Wednesday, February 28, 2007

Uglies - by Scott Westerfeld


I know you shouldn’t judge a book by its cover, but I often do, which is why I glanced at a copy of Uglies when it came out a few years ago, and I wasn’t even tempted to pick it up. As the adult Chick-Lit genre has blossomed so has the young adult version. I have no problem with the popularity of the genre, I’m just not particularly interested in it myself. I mistook Uglies to be one of those books with a female main characters obsessing over romantic possibilities and clothing, and while it contained both of those elements, it turned out to be much more.

Uglies is set in a futuristic society where everyone receives plastic surgery at the age of 16 to make them beautiful. The idea behind the transformations is that if everyone was beautiful, no one should feel better than anyone else, no wars would be fought over the color of people’s skin if everyone looks similar.

Tally, the main character, begins the book eagerly awaiting her 16th birthday so she can join the other “pretties” in their carefree lives. The thought that someone might not want to be changed never occurs to her until she meets Shay, another girl in her class about to turn sixteen. At first she doesn’t believe Shay’s stories of a place that people escape to if they don’t want the surgery, but after Shay disappears the authorities show up to question Tally and they confirm Shay’s story. They tell Tally she must help them find Shay and the other runaways or they will never do her surgery and she must remain ugly in a world of beauties forever. Tally is torn between her promise to her friend, her curiosity to know the truth, and her desire to become beautiful.

I found myself thoroughly caught up in Tally’s predicament and my reading became progressively slower as I neared the end of the book because I didn’t want it to be over. Luckily for me, it’s part of a trilogy and I just picked up the next book, Pretties at the library.

Now that I look at the cover, it’s more appropriate than I originally thought. I hesitate to classify this book as science fiction simply because it might discourage chic-lit readers from picking it up too, and I think they would enjoy it. Stephenie Meyer says that Twilight is a vampire novel that she wrote for people who do not like vampire novels and her next project is a science fiction book for people who don’t like science fiction. In the meantime, that’s what I’m calling this novel. Besides, who can resist picking up a book that begins with the line, “The early summer sky was the color of cat vomit”?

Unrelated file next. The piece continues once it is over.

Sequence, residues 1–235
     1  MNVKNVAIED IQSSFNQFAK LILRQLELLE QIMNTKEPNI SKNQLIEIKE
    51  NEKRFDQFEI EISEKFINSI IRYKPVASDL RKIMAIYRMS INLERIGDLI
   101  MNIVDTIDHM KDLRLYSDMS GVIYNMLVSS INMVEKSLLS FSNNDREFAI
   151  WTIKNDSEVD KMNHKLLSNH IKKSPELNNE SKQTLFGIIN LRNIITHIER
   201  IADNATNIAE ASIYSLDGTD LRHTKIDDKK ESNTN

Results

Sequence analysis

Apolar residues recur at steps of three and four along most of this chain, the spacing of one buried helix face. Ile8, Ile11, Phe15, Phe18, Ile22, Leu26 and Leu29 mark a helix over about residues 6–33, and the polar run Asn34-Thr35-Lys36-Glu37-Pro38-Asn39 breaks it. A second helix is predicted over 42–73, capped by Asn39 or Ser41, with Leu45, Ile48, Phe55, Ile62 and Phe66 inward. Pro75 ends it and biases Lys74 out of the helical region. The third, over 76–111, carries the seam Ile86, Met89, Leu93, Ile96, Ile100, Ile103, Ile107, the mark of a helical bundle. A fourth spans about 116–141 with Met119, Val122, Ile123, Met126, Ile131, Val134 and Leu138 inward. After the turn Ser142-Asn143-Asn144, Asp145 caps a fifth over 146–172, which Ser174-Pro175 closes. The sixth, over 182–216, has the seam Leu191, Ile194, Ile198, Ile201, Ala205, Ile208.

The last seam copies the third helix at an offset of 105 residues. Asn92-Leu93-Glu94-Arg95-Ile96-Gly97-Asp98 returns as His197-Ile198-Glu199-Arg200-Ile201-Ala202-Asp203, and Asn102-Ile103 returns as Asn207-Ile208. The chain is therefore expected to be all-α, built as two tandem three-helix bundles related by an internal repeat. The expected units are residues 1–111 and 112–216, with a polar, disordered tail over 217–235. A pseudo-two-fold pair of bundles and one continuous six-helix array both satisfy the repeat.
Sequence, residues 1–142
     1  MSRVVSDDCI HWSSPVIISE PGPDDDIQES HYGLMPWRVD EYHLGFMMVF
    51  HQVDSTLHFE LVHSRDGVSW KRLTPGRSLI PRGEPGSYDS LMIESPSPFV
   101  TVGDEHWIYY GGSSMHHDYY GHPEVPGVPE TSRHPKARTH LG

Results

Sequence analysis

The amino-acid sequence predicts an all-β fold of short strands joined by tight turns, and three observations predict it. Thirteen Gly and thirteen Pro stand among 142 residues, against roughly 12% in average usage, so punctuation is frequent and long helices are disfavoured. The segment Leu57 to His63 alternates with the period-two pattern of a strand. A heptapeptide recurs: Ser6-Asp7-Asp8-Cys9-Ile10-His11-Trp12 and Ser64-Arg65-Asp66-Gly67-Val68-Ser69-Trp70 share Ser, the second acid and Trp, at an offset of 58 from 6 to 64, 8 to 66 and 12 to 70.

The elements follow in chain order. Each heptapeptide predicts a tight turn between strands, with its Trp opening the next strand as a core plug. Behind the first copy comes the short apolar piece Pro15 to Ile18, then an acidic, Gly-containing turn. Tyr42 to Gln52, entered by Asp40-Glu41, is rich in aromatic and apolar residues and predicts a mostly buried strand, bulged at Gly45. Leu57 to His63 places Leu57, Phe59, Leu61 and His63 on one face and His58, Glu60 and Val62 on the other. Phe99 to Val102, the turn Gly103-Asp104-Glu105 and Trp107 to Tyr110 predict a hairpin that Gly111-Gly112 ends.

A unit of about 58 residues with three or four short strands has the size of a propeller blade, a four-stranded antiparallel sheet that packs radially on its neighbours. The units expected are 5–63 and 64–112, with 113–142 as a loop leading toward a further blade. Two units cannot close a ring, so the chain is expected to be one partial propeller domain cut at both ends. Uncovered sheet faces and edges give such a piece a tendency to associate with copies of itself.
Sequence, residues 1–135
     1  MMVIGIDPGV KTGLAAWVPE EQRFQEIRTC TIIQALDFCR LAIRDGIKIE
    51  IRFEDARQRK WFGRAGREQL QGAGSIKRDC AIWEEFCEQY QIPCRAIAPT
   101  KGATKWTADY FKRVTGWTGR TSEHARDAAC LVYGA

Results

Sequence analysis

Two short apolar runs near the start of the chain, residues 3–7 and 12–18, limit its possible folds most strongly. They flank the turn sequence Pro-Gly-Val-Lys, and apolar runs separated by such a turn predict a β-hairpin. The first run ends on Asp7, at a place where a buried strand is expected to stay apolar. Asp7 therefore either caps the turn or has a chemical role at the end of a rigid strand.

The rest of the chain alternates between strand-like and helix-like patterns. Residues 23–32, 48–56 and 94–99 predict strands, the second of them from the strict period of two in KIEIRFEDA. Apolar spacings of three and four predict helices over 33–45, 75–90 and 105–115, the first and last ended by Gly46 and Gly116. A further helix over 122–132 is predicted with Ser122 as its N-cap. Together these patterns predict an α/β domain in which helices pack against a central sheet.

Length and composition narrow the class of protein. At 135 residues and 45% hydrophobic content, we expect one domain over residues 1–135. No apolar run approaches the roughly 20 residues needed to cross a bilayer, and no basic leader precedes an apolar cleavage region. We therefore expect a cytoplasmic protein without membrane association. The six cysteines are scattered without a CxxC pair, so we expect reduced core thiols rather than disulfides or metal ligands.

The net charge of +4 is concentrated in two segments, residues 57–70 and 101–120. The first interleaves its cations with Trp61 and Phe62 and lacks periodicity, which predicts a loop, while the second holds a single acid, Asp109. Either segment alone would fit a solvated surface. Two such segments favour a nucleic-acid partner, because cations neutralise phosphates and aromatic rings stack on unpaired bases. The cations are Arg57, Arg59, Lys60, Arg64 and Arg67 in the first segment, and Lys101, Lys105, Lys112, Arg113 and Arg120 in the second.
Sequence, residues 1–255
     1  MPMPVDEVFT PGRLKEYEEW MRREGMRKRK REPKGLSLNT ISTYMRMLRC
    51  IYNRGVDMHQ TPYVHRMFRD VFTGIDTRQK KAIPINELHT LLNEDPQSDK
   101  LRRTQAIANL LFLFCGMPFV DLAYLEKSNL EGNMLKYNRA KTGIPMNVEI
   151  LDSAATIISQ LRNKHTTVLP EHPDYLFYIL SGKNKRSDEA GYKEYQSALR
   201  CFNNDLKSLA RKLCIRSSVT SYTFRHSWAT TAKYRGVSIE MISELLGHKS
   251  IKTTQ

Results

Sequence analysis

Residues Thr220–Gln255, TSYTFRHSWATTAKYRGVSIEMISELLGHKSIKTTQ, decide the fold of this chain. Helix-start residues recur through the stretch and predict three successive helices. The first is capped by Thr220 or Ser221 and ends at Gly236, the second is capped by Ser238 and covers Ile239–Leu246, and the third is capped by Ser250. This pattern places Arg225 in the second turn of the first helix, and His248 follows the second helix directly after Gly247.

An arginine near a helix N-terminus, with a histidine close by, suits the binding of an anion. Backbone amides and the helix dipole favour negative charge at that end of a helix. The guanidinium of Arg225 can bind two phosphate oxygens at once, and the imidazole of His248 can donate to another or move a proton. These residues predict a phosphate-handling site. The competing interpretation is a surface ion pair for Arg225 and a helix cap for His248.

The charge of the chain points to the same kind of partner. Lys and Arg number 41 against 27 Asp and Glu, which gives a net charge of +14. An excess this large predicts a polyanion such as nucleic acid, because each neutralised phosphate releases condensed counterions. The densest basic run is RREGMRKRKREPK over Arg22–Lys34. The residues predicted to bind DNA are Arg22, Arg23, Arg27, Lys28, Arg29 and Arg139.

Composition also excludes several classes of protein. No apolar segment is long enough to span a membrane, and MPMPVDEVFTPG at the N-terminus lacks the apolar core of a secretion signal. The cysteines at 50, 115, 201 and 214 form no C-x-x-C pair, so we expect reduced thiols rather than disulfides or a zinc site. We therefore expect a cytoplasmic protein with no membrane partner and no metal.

8 comments:

Amanda said...

I had never heard of this book, but yesterday I not only read your post, I saw it on display at the bookstore. You're right about the cover...but the concept sounds as if it may be interesting. I'll probably place it on the Neverending TBR list, we'll see if I get to it. Great review though!

Emilyi said...

This trilogy is really interesting. I think Scott Westerfeld does an amazing job appealing to both boys and girls. It's a great trilogy with interesting characters and plot.
Great review.

Okie said...

Great review. Thanks for sharing. :)

Becky said...

Uglies intrigued me. I loved the trilogy. But what I find almost equally fascinating are the differences between the UK book covers and the American ones. Have you seen these by any chance??? I'd love to know your thoughts as to which one would be most appealing to you.

lifelongreader said...

Sounds interesting - likewise I have seen the book and passed over it. I will definitely have a look at it again.

Anonymous said...

i love this book. day by day i was amazed at how lost i got in it. it has great characters and great story of how the world is becoming more fake and plastic.

Larry said...

Add this to my future read list.

Crystal Lush said...

one of the best books ever ... haha i even liked it better than harry potter...which really surprises me!